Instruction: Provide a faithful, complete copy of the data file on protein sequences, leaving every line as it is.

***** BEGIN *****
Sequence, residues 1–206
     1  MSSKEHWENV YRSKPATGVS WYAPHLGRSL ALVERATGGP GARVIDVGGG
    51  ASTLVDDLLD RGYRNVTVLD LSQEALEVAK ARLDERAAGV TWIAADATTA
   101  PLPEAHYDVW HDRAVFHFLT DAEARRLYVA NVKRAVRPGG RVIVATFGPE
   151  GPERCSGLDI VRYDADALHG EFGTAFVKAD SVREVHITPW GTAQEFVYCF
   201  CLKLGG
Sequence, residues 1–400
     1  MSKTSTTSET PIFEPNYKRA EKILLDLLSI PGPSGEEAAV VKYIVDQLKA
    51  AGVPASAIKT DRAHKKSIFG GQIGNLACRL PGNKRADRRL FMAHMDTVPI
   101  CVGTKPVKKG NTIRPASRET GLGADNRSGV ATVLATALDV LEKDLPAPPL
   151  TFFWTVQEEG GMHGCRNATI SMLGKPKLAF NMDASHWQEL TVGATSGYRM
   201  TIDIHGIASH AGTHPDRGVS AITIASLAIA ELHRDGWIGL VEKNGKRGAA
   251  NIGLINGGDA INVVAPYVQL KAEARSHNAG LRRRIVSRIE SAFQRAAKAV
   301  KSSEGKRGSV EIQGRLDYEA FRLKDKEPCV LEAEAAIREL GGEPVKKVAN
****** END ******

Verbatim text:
Sequence, residues 1–206
     1  MSSKEHWENV YRSKPATGVS WYAPHLGRSL ALVERATGGP GARVIDVGGG
    51  ASTLVDDLLD RGYRNVTVLD LSQEALEVAK ARLDERAAGV TWIAADATTA
   101  PLPEAHYDVW HDRAVFHFLT DAEARRLYVA NVKRAVRPGG RVIVATFGPE
   151  GPERCSGLDI VRYDADALHG EFGTAFVKAD SVREVHITPW GTAQEFVYCF
   201  CLKLGG
Sequence, residues 1–400
     1  MSKTSTTSET PIFEPNYKRA EKILLDLLSI PGPSGEEAAV VKYIVDQLKA
    51  AGVPASAIKT DRAHKKSIFG GQIGNLACRL PGNKRADRRL FMAHMDTVPI
   101  CVGTKPVKKG NTIRPASRET GLGADNRSGV ATVLATALDV LEKDLPAPPL
   151  TFFWTVQEEG GMHGCRNATI SMLGKPKLAF NMDASHWQEL TVGATSGYRM
   201  TIDIHGIASH AGTHPDRGVS AITIASLAIA ELHRDGWIGL VEKNGKRGAA
   251  NIGLINGGDA INVVAPYVQL KAEARSHNAG LRRRIVSRIE SAFQRAAKAV
   301  KSSEGKRGSV EIQGRLDYEA FRLKDKEPCV LEAEAAIREL GGEPVKKVAN